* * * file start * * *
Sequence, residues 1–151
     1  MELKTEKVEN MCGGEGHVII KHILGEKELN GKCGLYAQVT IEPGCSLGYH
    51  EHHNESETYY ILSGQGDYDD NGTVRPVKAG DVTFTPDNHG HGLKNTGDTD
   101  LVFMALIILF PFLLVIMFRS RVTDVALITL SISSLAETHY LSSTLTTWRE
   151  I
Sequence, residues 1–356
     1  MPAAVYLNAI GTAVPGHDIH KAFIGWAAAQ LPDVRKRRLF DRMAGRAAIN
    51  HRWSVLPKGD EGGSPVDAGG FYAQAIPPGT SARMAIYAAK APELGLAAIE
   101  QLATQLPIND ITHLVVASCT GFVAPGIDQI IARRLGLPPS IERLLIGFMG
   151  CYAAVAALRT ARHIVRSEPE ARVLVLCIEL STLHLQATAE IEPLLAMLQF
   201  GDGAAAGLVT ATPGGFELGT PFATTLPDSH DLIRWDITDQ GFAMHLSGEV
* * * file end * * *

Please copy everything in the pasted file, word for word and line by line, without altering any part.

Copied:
Sequence, residues 1–151
     1  MELKTEKVEN MCGGEGHVII KHILGEKELN GKCGLYAQVT IEPGCSLGYH
    51  EHHNESETYY ILSGQGDYDD NGTVRPVKAG DVTFTPDNHG HGLKNTGDTD
   101  LVFMALIILF PFLLVIMFRS RVTDVALITL SISSLAETHY LSSTLTTWRE
   151  I
Sequence, residues 1–356
     1  MPAAVYLNAI GTAVPGHDIH KAFIGWAAAQ LPDVRKRRLF DRMAGRAAIN
    51  HRWSVLPKGD EGGSPVDAGG FYAQAIPPGT SARMAIYAAK APELGLAAIE
   101  QLATQLPIND ITHLVVASCT GFVAPGIDQI IARRLGLPPS IERLLIGFMG
   151  CYAAVAALRT ARHIVRSEPE ARVLVLCIEL STLHLQATAE IEPLLAMLQF
   201  GDGAAAGLVT ATPGGFELGT PFATTLPDSH DLIRWDITDQ GFAMHLSGEV